A hope deferred

Does anyone else share my dream to successfully upholster something? Anybody? It's actually been a dream of mine for quite awhile, and while I have semi-successfully upholstered cardboard furniture, I was hoping for something a little more permanent. (P.S. emphasis on the "semi" in semi-successfully.)

Many moons ago (like 25 moons probably), I was browsing the free section of Craigslist, as I sometimes do, and came across a goldmine. A matching set of wingback chairs, described as "a little stained, but great bones". I went all the way out to Washougal for those babies, and they were worth the drive! I probably would have driven to Seattle for them, no joke. Stained, smooshed foam padding, and a little tattered in places, but 100% sturdy and very comfortable. Perfect for reupholstering.

I checked out a couple books on upholstery from the library (another one of my favorite places), but it was all very detailed and complicated, so I decided to mostly wing it, and rely on the book if I got into trouble. I mean come on, I'm already experienced in the duct tape and cardboard methods, so I'm basically an expert. Hah.

In considering fabric, I had 2 requirements. 1) a fabric without a "direction" of pattern, so I wouldn't have to worry about matching it up or making it look straight, and 2) something that will be neutral enough to last for a long time after styles change. Like forever. It turns out that the majority of home dec patterned fabrics are "directional", so my choices were narrowed for me. Not narrowed enough, apparently, because it still took me like a year to choose and buy fabric.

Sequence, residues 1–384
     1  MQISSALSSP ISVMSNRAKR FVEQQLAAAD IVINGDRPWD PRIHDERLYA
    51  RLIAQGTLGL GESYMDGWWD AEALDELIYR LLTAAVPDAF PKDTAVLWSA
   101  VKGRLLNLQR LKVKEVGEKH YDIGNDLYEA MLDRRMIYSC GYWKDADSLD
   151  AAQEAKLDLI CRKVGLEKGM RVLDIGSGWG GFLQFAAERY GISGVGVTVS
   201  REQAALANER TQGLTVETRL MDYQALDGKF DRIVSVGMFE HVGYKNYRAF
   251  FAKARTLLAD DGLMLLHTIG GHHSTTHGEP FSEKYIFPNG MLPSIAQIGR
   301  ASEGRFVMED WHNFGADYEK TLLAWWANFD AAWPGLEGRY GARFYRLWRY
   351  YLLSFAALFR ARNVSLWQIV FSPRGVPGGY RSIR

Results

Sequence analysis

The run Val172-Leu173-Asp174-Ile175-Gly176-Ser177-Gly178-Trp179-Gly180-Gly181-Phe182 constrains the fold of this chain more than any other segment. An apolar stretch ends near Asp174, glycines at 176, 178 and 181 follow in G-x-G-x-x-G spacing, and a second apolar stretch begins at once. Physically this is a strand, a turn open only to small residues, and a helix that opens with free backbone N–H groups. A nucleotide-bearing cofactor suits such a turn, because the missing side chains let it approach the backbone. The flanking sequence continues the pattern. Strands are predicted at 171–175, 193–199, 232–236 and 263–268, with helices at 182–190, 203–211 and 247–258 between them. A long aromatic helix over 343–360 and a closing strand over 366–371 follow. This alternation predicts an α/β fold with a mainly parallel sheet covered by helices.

My planned method was as follows: Take all the old pieces off. Trace them onto the new fabric and cut them out. Add foam padding where needed. Assemble it all back together as best you can. Just in case the timeline for project turned into one like the bathroom vanity, I thought it would be fun to look back and see the narrative version of the process.

Jan 23
Okay, we brought one of the chairs upstairs last night to see if we could rearrange the furniture in the living room. (We're thinking yes, and that it will be a much better use of space) It is staying upstairs because Ruben thinks it will motivate me to work on it. I think it's working, I already got to work ripping out staples in order to dismantle and trace the fabric shapes. Impressions on the art of reupholstery so far: whoever made this chair was staple-crazy. Staples on top of staples on top of staples. I think I'm going to pull a muscle trying to get all those babies out. I hope this is the hardest part (famous last words?). Positive upholstery project moment: today Ruben was reading the paper and saw an ad for wingback chairs similar to these except maybe a little bit uglier and they were $450 each. Now he gets it and is totally in support of my efforts.

Feb 3
I am going to town ripping that chair to pieces! The actual staple removal is torture, so I have turned to alternative methods: slicing the fabric right next to the staples and then ripping it off, or just ripping. I figure it isn't the most important to keep the fabric pieces in pristine condition, the rebuilding process will be a game of guesswork anyway. I just have to have the general shapes. Also, there is a TON of animal fur coming out of all the chair crevasses. It's gross. Last night I had my first flicker of fear when I took apart of the wing piece that has some sort of confusing piping and tricky layering. 
Despite that, my enthusiasm for this project is still a solid 8 out of 10. I'm taking lots of pictures and writing notes on the fabric pieces so that I can remember how to put it back together.

Feb 21